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interviews. In short, the information gathered during these interactions assists police officers in carrying out their statutory duties to prevent and investigate crime and protect the public. It goes without saying that these interviews and inquiries are also important for non-legal, noninvestigative reasons. They relate to the police-community relationship. It is valuable for both the TPS and the community to have positive police engagement with civilians. It can foster cooperation, trust, understanding and respect. It is axiomatic that positive police-community relations let the police carry out their duties effectively, enhance the communitys feelings of safety and increase respect for the law and law enforcement. 3. Documenting police stops and detentions The value of documentation can be argued from both sides. On the one hand, the creation of a record of a police detention or interview is a permanent record of police contact with a citizen. For some citizens who have done nothing wrong, this alone is invidious and a breach of privacy. This view is entitled to be considered carefully. Several community deputants made this point at the Boards November 18th meeting. On the other hand, some kind of documentation system allows officers to retrieve information that can assist in investigations. It is unthinkable that a modern police service could function effectively without recorded human-source intelligence. Citizens who voluntarily help the police will provide many of the recorded interviews. Further, the existence of searchable records is currently the only available oversight tool for the TPS, the Board and the courts. Unless community interviews are banned entirely, the Board should consider how it would monitor their frequency and quality. The PACER proposal would eliminate some 306 cards or their electronic equivalent. This proposal should be examined carefully to determine what residual oversight capacity it would leave the Board. 4. Making police-citizen interviews comply with the Charter and the Human Rights Code The legal limits of police-citizen interviews are set out in the Ontario Human Rights Code and the Charter of Rights and Freedoms. The police conduct in instigating or carrying out the interview cannot violate any Charter rights. In the interview scenario, the most relevant rights are likely to be the right to be free from arbitrary detention, the right to be free from unreasonable search and seizure, the right to counsel and equality rights. Under the OHRC, any services provided by the TPS must be provided in a non-discriminatory manner. Under the OHRC, everyone has the right to equal treatment with respect to services, goods and facilities without discrimination based on race, colour, ethnicity, or other identified protected grounds. There are at least three areas of potential Charter litigation of which the Board should be aware. Class actions are one example. The second is an application to exclude evidence. This would only occur in the context of a criminal proceeding where charges have been laid. In effect, the conduct of the TPS would be tried by the judge. Third, it is foreseeable that a group of citizens or a public interest group might apply for a declaration that the conduct of community inquiries and informal interactions violates the Charter. In other words, the legal claim would relate to the use of a neutral program in a way that has a discriminatory impact. The Supreme Court has clarified that it would be illegal to use race, nationality or colour as a decisive basis for detention. Illegal detentions violate the Charter.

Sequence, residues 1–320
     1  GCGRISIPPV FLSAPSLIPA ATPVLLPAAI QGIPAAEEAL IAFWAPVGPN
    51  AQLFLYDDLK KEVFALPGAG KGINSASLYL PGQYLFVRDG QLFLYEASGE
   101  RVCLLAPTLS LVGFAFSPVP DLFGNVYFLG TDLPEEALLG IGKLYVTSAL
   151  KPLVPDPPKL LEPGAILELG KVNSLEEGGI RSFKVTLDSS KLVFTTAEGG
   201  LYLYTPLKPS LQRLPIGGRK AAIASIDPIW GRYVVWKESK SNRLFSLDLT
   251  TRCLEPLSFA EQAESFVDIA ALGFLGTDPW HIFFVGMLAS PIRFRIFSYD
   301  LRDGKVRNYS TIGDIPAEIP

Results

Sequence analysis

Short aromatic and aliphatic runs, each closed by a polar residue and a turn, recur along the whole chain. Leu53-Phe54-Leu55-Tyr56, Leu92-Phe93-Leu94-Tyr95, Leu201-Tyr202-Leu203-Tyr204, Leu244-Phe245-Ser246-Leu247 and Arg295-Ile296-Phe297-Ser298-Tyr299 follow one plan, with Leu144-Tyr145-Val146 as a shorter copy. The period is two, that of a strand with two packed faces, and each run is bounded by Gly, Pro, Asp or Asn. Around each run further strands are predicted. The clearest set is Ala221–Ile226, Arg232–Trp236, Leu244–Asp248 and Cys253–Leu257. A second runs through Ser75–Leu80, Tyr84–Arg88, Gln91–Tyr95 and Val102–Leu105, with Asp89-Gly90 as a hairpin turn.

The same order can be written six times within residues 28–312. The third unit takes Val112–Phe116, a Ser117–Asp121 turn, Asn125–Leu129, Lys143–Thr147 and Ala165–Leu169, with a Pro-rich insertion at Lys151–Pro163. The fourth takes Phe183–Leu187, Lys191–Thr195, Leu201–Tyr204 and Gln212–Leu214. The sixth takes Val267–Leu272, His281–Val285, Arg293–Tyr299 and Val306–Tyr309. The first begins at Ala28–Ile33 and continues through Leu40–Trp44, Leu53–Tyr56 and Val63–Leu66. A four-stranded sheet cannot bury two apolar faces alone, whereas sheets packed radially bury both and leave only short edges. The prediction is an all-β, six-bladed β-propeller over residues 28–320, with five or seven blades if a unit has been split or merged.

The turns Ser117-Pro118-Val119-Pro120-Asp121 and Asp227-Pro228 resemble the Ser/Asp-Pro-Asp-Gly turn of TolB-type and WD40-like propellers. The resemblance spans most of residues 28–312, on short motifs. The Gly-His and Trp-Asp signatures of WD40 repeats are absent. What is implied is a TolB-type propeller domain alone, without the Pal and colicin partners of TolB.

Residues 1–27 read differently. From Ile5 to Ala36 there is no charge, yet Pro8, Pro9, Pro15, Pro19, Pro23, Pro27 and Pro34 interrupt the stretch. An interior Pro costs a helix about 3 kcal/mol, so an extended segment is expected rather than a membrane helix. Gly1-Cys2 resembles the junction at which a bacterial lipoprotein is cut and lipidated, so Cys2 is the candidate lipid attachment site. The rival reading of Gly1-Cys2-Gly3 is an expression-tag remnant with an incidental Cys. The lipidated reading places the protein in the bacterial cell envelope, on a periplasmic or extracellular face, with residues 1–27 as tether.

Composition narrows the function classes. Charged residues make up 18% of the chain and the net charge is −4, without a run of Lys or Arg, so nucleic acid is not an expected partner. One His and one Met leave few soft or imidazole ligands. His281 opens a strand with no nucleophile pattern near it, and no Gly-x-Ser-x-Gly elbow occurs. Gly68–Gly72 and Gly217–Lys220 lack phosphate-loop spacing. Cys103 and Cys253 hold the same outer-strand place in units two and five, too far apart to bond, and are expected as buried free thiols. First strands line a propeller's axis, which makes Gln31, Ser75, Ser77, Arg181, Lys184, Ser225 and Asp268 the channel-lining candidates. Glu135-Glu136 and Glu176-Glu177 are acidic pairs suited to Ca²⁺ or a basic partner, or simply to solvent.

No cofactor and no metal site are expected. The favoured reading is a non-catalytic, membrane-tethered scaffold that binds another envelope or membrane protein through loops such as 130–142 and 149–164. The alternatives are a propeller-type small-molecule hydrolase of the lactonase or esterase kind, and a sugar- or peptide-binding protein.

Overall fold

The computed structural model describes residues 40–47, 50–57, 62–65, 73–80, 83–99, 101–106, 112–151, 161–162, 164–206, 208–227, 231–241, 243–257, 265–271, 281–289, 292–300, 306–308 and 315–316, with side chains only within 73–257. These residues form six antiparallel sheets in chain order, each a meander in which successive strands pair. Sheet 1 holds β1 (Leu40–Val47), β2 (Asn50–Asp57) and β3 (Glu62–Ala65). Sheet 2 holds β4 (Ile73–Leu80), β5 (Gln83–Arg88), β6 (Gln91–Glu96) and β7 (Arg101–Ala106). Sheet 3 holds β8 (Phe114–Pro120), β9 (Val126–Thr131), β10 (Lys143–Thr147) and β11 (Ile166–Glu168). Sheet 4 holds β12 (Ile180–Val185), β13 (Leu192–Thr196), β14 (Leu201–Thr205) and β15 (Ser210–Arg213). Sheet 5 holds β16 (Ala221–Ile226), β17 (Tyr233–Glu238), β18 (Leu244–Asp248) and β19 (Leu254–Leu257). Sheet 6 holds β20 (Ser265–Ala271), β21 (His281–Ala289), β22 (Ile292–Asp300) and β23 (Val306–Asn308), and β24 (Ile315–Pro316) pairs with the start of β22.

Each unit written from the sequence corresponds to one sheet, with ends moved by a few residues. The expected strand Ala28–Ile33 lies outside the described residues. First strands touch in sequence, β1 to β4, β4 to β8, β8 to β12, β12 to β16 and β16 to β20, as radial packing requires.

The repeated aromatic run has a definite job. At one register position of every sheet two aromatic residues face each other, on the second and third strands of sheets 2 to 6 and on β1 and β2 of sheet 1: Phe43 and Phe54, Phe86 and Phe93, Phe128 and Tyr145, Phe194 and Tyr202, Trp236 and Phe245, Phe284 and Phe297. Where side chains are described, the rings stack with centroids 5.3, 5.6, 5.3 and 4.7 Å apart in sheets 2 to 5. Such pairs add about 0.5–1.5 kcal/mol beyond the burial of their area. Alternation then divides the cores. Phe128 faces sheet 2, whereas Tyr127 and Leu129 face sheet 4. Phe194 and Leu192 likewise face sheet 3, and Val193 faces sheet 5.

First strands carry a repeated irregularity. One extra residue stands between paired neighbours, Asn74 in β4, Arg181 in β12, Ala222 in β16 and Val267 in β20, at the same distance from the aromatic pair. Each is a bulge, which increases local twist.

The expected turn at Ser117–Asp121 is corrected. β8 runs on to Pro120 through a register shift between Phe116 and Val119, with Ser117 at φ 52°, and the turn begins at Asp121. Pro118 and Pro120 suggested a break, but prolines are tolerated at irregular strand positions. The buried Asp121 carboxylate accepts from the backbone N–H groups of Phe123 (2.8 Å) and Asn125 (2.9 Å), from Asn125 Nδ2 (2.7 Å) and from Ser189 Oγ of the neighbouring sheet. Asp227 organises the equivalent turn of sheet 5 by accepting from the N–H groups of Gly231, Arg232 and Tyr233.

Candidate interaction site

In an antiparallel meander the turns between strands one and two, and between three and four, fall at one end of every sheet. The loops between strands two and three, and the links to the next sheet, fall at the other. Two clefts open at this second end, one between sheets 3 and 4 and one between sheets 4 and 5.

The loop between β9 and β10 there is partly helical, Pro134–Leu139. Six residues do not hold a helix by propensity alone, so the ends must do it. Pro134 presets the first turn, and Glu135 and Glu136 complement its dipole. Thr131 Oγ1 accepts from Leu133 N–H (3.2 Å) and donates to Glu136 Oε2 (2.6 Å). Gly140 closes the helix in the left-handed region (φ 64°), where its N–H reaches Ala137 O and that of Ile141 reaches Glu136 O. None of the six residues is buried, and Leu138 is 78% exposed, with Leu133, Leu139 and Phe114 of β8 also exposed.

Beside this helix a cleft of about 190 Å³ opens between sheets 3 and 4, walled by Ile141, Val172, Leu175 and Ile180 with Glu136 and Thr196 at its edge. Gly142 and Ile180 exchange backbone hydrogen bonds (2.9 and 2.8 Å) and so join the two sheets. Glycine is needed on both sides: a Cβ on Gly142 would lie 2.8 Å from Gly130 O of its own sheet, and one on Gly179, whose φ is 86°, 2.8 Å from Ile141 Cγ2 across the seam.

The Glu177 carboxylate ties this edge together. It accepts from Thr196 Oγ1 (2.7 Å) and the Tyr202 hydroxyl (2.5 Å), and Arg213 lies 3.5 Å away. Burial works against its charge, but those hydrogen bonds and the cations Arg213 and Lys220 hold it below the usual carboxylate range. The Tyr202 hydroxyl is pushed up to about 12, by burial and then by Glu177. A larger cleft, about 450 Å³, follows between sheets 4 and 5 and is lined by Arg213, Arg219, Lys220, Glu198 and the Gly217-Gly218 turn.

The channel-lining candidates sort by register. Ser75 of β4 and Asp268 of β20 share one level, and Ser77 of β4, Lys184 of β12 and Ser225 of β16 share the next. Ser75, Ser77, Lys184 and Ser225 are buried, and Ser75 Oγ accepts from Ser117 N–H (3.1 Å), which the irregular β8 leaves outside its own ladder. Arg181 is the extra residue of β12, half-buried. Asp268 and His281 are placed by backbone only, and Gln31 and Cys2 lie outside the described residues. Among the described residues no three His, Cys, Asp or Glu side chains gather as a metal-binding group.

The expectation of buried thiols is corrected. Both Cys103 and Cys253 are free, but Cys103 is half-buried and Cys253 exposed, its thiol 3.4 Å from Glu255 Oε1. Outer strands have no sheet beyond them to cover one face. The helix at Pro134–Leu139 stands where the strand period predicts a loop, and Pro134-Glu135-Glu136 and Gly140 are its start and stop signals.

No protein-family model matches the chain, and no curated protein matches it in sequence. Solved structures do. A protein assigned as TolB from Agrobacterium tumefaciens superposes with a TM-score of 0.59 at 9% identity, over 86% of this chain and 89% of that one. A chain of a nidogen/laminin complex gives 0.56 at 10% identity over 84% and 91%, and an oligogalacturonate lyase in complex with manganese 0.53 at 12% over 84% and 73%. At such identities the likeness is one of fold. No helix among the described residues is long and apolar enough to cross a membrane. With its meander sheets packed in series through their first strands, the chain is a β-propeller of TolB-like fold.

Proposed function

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In carrying out its mandate of ensuring the police provide adequate and effective services, the Board can create a policy prohibiting a police practice that has a Charter-infringing purpose, such as discrimination on the basis of race. (You may consider this would be redundant in Toronto, since the TPS has pledged to abide by the Charter in numerous instruments and procedures.) The Board can also make a policy prohibiting a police practice that appears neutral on its face, but violates the Charter in its effect. It would be more challenging to demonstrate that the effect of a practice (as opposed to the purpose) violates the Charter, but the Boards objective would be the same: to ensure that all policing is Charter-compliant. Although most legal consequences do not occur unless there is a Charter or human rights violation, the Board and TPS are entitled to set their sights above minimum standards. An example of this is the Supreme Courts suggestion in the 2009 Grant case that if the police want to eliminate any doubt or confusion about whether they have detained a person in a street encounter, they should refrain from interrogating the person and tell him in unambiguous terms that he is under no obligation to answer questions and is free to go. In consultation with the Chief, the Board might develop policies that go further than minimum Charter standards. In the limited time available to me, I have not been able to develop this idea any further. I asked through Albert Cohen for a copy of the existing 306 and other Community Inquiry Report forms. You may consider that the problems generated by the form are a product of the questions officers are directed to ask. Deputy Chief Sloly offered to meet with me to show me the forms; however, I could not arrange this in the brief period between my retainer and your next meeting. While the Board is free to make policy above minimum constitutional standards, there are some caveats. The first is that if you prohibit the police from documenting their interactions with citizens altogether there will be no oversight of these interactions. The second is that the Board and Chief of Police have different powers under the Police Services Act. It is obvious that Toronto requires a carefully considered policy on police-citizen interviews that achieves the Boards goals in purpose and effect. In my opinion, the Board requires legal advice, social science evidence and information about other jurisdictions to make good policy respecting field questioning. I can provide that by the beginning of February 2014. I would like to meet with you in January. I can assist in drafting a policy that reflects the benefits and detriments of field questioning to the police, individual citizens and the wider community. I will give you further information and legal advice when we meet. Yours very truly,

Frank Addario